Certified financial planners are investment experts who have passed the certification exam through the Certified Financial Planner Board of Standards. They help individuals and corporate clients create investment portfolios for wealth building and retirement and track the progress of these investments. If you want to become a certified financial planner, you need at least a bachelor's degree in business, finance or a related major. In return, you can expect to earn a six-figure income.
Educational Requirements and Qualifications
The minimum educational requirement for this job is a bachelor's degree in business, finance, accounting, economics or statistics. To qualify for certification, you also need at least three years of experience in financial planning, according to the BLS. To earn your certification, you need to pass a 2,000-question exam, according to the American College of Financial Planning, which covers the financial planning process, employment benefits planning, taxes and retirement planning, statistical modeling and other related topics. Other essential qualifications are analytical, selling, math, speaking and interpersonal skills.
Salary and Qualifications
The average annual salary for a certified financial planner was $104,000 as of 2013, according to the job site Indeed -- more than $13,000 higher than average salaries for all personal financial advisers -- $90,820 -- according to May 2012 data from the U.S. Bureau of Labor Statistics. Since the BLS includes financial planners in its survey sample, it appears that certification can significantly increase financial planners' salaries.
In 2013, average salaries for certified financial planners varied the most within the West region, according to Indeed, where they earned the least in Hawaii and the most in California, at $67,000 and $112,000, respectively. Those in the Northeast made $89,000 to $125,000 in Maine and New York, respectively. If you worked as a certified financial planner in Louisiana or Washington, D.C., you'd earn $89,000 or $123,000, respectively -- the lowest and highest earnings in the South. In the Midwest, you'd make the most in Illinois or the least in Nebraska or South Dakota -- $114,000 or $77,000, respectively.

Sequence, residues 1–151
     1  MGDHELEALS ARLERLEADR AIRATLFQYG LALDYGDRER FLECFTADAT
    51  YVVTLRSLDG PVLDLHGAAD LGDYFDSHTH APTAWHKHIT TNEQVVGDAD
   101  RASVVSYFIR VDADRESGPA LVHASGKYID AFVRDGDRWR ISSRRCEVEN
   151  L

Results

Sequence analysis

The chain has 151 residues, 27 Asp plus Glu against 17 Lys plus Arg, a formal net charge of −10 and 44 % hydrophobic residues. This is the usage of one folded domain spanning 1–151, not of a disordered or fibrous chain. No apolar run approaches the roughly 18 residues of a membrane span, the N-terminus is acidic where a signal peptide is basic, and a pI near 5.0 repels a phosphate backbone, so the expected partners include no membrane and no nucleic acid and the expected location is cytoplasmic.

The BLS predicts a 32-percent increase in jobs for personal financial advisers, including certified financial planners, through 2020 -- much faster than the 14-percent growth rate for all occupations. Increased demand for financial services from baby boomers as they near retirement age should boost jobs for certified financial planners in the next decade. Since companies and government agencies have fewer available funds for retirement and pension funds, individuals rely more on personal financial advisers and certified financial planners for financial planning and investments.
- U.S. Bureau of Labor Statistics: Occupational Outlook Handbook: What Personal Financial Advisors Do
- U.S. Bureau of Labor Statistics: Occupational Outlook Handbook: How to Become a Personal Financial Advisors Do
- U.S. Bureau of Labor Statistics: Personal Financial Advisors: Job Outlook
- U.S. Bureau of Labor Statistics: Occupational Employment Statistics: Personal Financial Advisors
- Indeed: Certified Financial Planner Salary
- Indeed: Certified Financial Planner Salary in Maine, and New York
- Indeed: Certified Financial Planner Salary in Hawaii, and California
- Indeed: Certified Financial Planner Salary in Louisiana, and Washington, DC
- Indeed: Certified Financial Planner Salary in South Dakota, Nebraska, and Illinois
- The American College of Financial Services: Live 4-Day CFP Board Exam Review
- Comstock/Stockbyte/Getty Images